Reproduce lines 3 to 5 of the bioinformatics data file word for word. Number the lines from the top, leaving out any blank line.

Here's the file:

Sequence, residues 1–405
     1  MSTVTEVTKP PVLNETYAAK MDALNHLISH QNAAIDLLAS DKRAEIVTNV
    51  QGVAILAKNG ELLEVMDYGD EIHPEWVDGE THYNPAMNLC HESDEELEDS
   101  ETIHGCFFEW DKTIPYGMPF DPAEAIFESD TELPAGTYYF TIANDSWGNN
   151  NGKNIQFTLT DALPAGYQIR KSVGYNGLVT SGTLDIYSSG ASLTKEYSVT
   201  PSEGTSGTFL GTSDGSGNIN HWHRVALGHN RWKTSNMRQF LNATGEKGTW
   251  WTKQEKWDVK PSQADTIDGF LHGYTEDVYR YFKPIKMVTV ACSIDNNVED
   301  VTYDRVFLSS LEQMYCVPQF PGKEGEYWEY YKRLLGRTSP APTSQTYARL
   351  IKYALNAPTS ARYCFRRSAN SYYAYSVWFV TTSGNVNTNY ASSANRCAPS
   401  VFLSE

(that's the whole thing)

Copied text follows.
    51  QGVAILAKNG ELLEVMDYGD EIHPEWVDGE THYNPAMNLC HESDEELEDS
   101  ETIHGCFFEW DKTIPYGMPF DPAEAIFESD TELPAGTYYF TIANDSWGNN
   151  NGKNIQFTLT DALPAGYQIR KSVGYNGLVT SGTLDIYSSG ASLTKEYSVT